Romantic tension is one of those things that's often better managed during revisions, because it's all about pacing.
Craft your HEA to fit your characters. Let them surprise you with the innovative solution they all come up with.
Characters take an approach of "How can we make this work for all of us?" rather than "It's too bad I have to choose one of you."
You are totally permitted to just do the fun parts of this and skip the parts you dislike. Hobbies are for enjoying.
Don't try to tell an "authentic" story. Instead, tell an "inauthentic" truth.
Let somebody else write only allistic characters. You can write a character who is probably, or maybe, on the spectrum, but this does not need a huge reveal or internal struggle—it can just be a thing you do, among other things you do, as an author.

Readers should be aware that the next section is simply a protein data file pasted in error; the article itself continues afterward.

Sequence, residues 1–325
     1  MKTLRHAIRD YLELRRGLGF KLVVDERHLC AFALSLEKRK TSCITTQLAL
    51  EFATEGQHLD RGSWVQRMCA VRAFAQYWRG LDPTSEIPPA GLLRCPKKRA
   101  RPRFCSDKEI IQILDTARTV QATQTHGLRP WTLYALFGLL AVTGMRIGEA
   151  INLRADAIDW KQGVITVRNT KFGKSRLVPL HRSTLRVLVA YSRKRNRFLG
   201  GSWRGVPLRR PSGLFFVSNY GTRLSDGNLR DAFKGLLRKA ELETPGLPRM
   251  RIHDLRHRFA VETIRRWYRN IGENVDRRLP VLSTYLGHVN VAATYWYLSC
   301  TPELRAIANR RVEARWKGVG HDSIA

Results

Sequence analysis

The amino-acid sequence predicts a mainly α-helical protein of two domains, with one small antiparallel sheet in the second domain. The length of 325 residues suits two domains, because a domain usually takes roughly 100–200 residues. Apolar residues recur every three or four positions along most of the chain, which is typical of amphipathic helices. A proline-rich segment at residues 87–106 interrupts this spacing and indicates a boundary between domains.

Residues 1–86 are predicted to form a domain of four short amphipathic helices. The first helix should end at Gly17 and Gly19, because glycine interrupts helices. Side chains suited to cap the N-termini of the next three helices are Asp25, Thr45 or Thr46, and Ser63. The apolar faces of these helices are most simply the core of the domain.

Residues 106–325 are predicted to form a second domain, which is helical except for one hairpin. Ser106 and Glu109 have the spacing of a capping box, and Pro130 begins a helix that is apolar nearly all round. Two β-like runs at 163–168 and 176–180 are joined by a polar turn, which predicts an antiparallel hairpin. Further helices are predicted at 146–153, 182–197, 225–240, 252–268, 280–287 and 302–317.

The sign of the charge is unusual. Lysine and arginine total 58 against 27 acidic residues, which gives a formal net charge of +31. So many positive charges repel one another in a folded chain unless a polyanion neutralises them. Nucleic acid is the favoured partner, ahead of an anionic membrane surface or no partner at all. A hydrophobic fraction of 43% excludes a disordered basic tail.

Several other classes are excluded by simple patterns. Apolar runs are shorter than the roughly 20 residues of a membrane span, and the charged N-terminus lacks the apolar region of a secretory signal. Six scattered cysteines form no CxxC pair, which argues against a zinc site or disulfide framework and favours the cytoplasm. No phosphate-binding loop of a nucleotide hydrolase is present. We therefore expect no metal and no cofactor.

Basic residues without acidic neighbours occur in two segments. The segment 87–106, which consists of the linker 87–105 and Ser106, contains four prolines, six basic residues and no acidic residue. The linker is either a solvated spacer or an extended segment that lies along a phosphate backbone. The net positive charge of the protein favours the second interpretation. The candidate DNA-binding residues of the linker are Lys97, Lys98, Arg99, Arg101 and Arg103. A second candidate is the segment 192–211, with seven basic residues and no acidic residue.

In first-person POV, it's challenging to convey who's speaking without a clunky or clichéd paragraph of self-description.
Adding or subtracting a character in the middle of creating a lengthy work is nearly as challenging as breaking up with a longtime life-entangled partner.
Draw on the best of the way the world is and has been, as well as your most optimistic hopes for what it could be. The real world is very unfair to those on the margins. Use your writing to make up for it.
You're operating by improv theater rules, where as soon as a character introduces a new idea, you say "yes, and" to it. But this theater troupe answers to your direction.